Exasperated that ongoing discussions with the Quebec government to improve working conditions have led to little progress, the Quebec Association of Crown Prosecutors has publicly taken to task the provincial government for the second time in three months.
The association is calling on the provincial government to hire another 220 crown prosecutors in order to halt an exodus of experienced lawyers resigning from their jobs to accept higher-paying positions. Over the past year, seven crown prosecutors quit their jobs at the Montreal courthouse, three of whom became Alberta provincial prosecutors where salaries are 40 per cent higher, says Association president Christian Leblanc.
“We cannot do the work with 430 prosecutors,” said Leblanc, a provincial crown prosecutor for the past 13 years. “We need at least 650 prosecutors in order to be able to adequately prepare our cases, meet with victims and witnesses, and read the jurisprudence. What we are denouncing, above all, is the workload. There is no doubt that it is having a negative impact on the quality of service we are able to offer to the public.”
According to statistics compiled by the Association, Quebec has the worst ratio of prosecutor per inhabitants in the country. At present, Quebec has one prosecutor per every 16,526 residents compared to one per 11, 916 in Ontario. The national average lies at one per 9,305.
But with salaries of Quebec Crown prosecutors, with the exception of seven prosecutors in Prince Edward Island, being the lowest in Canada, “nearly 50 per cent below certain other provinces,” Leblanc acknowledges that luring experienced prosecutors will be a daunting challenge at best.
“The problem we now face is that we are unable to recruit anyone but young lawyers without experience,” said Leblanc, a situation that was highlighted by the fact that the government had to turn to the private sector to hire a retired prosecutor on a contractual basis to assist a team of prosecutors in the high-profile Norbourg case. More than 900 criminal charges were laid last summer against six people in connection with the massive Norbourg Asset Management Inc. securities fraud.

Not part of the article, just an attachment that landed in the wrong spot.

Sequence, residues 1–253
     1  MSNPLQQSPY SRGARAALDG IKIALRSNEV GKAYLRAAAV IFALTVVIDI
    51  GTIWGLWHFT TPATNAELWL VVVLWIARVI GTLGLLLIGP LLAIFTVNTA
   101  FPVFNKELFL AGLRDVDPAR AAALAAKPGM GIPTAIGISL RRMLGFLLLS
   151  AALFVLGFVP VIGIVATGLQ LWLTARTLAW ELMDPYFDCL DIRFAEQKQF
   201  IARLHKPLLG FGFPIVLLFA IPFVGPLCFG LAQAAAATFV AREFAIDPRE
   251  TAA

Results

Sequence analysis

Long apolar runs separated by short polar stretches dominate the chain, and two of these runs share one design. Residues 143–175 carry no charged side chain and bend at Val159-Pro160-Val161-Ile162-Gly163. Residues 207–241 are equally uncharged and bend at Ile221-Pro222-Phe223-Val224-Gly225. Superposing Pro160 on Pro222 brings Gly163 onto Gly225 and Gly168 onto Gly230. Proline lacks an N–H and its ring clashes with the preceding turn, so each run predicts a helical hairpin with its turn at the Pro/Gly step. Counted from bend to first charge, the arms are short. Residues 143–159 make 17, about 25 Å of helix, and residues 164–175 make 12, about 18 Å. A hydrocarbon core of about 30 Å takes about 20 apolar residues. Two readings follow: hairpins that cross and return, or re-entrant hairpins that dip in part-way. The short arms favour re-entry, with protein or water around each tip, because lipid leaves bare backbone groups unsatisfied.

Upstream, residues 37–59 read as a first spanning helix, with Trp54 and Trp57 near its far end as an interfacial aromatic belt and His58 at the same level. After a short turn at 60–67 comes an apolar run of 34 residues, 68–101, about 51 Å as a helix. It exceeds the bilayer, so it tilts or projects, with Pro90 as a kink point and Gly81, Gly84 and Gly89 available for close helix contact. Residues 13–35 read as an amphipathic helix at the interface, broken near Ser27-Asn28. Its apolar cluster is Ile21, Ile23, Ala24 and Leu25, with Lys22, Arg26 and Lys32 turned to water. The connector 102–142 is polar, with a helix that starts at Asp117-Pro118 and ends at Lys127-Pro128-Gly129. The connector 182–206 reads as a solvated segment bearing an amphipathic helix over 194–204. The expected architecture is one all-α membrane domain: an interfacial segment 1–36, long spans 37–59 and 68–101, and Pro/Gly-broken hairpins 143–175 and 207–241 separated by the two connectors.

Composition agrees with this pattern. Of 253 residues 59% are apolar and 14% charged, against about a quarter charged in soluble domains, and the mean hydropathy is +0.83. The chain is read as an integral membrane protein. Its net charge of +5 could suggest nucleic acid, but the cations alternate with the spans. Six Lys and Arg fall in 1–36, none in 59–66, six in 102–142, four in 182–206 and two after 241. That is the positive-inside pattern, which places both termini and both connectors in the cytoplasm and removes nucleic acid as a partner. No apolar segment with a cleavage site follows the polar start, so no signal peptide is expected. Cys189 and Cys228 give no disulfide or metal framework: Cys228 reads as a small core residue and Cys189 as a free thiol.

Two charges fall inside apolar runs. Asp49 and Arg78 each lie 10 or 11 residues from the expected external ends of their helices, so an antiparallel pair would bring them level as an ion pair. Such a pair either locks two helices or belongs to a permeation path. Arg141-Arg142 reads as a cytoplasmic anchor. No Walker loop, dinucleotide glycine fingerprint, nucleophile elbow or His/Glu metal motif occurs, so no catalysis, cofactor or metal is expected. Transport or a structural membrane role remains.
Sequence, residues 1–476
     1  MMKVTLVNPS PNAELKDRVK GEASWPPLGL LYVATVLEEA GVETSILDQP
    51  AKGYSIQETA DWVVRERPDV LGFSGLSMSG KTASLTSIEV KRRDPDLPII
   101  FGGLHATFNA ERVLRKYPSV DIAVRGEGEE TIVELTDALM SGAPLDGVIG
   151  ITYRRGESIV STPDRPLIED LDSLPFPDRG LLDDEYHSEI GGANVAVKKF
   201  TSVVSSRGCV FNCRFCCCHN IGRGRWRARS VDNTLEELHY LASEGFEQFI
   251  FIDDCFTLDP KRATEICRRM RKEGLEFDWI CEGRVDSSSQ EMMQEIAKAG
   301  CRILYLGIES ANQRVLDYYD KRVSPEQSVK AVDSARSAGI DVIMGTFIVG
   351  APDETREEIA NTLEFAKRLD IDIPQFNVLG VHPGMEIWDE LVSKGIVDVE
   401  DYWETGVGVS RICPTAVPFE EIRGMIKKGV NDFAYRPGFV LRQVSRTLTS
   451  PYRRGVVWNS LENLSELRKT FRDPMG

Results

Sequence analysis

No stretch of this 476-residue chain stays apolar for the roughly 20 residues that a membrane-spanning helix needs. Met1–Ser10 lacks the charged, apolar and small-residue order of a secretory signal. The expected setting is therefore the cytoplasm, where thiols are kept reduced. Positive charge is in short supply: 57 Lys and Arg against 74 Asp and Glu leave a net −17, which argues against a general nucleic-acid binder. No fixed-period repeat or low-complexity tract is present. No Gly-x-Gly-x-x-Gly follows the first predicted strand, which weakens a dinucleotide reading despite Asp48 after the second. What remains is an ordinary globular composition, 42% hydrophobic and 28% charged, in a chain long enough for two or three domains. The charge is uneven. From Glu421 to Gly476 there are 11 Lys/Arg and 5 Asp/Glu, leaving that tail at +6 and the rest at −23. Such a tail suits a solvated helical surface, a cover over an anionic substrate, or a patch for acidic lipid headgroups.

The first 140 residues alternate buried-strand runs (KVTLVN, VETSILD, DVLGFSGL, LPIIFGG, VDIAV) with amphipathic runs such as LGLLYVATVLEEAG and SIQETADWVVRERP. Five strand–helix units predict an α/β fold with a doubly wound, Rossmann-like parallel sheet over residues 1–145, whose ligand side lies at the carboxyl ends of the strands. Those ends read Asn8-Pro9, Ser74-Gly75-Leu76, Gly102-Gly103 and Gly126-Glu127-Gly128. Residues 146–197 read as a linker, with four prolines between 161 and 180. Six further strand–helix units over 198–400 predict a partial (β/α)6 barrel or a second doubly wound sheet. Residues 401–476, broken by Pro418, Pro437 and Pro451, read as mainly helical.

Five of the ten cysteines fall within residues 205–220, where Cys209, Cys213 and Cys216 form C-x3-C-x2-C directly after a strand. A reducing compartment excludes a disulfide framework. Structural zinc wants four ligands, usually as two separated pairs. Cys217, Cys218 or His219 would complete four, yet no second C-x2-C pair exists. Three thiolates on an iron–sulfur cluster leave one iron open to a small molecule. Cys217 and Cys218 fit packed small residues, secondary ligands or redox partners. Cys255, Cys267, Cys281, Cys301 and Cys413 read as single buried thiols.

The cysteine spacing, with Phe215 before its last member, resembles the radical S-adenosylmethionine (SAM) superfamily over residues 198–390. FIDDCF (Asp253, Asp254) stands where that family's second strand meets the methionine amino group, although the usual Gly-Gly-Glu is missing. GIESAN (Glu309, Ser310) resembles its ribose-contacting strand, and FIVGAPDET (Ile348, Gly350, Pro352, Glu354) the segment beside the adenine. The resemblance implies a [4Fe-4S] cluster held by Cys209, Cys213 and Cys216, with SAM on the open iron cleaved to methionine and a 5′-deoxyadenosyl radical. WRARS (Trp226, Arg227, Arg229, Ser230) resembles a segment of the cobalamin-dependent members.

The Association is calling on the Quebec government to launch an independent study that will examine the salaries and workload of Crown prosecutors across the country to pave the road for contract negotiations due next year. The Association last bargained in 2003 a three-year contract that began in 2004, a contract that was later extended by government decree to six years, ending in April 2010. The group is challenging the decree before the courts, arguing that it goes against the grain of the Supreme Court of Canada ruling in Health Services and Support – Facilities Subsector Bargaining Assn. v. British Columbia,  2 S.C.R. 391, 2007 SCC 27.
Unlike the Association of Justice Counsel, which would strike if they could because the federal government is about to pre-empt the union’s first contract talks, the Association has no intention of launching a walk-out as it did seven years ago when dissatisfied with the progress of contract negotiations with the government.
“We don’t want to be involved in a confrontation with the State,” said Leblanc. “It’s not in the interests of the public nor is in the interest of the image of justice to walk out in the street.”
According to Martine Bérubé, a Crown prosecutor speaking on behalf of Quebec’s Director of Criminal and Penal Prosecutions (DCPP), the Association is merely posturing and laying the groundwork for the upcoming contract negotiations.
“There is of course always room for improvement but there already has been some as we have added personnel and converted temporary positions into full-time, permanent ones,” said Bérubé.
Bérubé points out that over the past six years approximately 180 new jobs were created, on top of the 144 temporary positions that were converted into full-time, permanent jobs since March 2007, the majority of the hires being prosecutors.
Claude Girard, a Montreal Crown attorney who heads the 6,000-member Canadian Association of Crown Counsel, doubts that the wide gulf between the government and Quebec provincial Crown prosecutors will be resolved when — and if — there are contract negotiations next year. Current economic woes have given employers the decided hand, and it will be no surprise if federal and provincial governments enact decrees to restrain wage increases, says Girard.
That’s something that the federal government is already in the midst of doing, thanks to the tabling earlier this month of the Budget Implementation Act (Bill C-10), which would impose public sector-wide pay restraints.
“Governments will use the current economic crisis as a pretext, as the federal government did, to avoid negotiation and impose wage restraints on salaried employees,” said Girard. “It doesn’t look good.”